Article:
Our latest whitepaper focuses on how to improve meetings, with a detailed look at how we worked with a U.S.-based biotech firm to analyze collaboration data and create a development program tailored to each team to improve their meeting habits.
The results speak for themselves — the company set up an action plan for its teams, increased employee satisfaction by 23%, and saved 244 years' worth of time
The issues with poor meeting culture are almost too numerous to count, but we all know so many of them by heart. No agenda, no action items, too many people, too many people with no stake in the meeting's outcome, wasted time, presenteeism — they are all part of poor meeting culture, but their effects are felt well beyond meetings.
In our case study, we note how the executive team was seeing lower performance from the operations department, and, during a board meeting, the VP of Operations suggested that many cross-functional teams were pulling his department into redundant meetings just to get his department’s approval.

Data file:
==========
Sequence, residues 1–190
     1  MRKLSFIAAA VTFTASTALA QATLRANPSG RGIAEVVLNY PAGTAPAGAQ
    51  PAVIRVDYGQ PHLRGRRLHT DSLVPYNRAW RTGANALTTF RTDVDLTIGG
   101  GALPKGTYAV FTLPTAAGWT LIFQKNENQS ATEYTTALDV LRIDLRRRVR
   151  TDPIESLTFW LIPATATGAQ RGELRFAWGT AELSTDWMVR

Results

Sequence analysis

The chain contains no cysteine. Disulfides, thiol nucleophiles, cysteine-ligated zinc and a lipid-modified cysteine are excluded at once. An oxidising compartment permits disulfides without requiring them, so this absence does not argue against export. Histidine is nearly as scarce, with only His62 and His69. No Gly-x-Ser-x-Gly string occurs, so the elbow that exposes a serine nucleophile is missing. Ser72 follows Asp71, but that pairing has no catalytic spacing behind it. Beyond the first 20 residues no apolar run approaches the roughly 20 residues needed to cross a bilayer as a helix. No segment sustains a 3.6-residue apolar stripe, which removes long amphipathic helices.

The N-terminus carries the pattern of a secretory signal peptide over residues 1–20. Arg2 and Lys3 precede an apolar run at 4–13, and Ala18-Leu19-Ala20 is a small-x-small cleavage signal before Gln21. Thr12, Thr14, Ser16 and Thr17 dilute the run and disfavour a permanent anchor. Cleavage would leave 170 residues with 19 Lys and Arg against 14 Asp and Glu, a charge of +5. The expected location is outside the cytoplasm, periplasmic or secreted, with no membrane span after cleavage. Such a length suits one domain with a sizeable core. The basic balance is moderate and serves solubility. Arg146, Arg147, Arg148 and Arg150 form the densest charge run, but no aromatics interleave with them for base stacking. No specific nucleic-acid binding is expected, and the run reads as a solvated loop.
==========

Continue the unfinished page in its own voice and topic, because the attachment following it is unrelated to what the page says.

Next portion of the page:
In another example, one in-house lawyer was frustrated that sales were involving them in too many meetings, which gave them zero value but allowed sales to create the aura of more authority in their customer meetings.
By analyzing and acting on collaboration data from Time is Ltd. the company was able to address core issues around its poor meeting culture and improve things across the board. That means more 1:1 meetings, fewer participants, and more focus from end-to-end.
Here on the blog, we've covered meeting culture a fair amount (here's a piece on the value of well-planned 1:1s and another about why you shouldn't be afraid to decline a meeting invitation), and there's a lot more coming. Navigating "The Great Resignation" will not be easy for any organization, but having a workable, transparent, and improved meeting culture is a good place to start.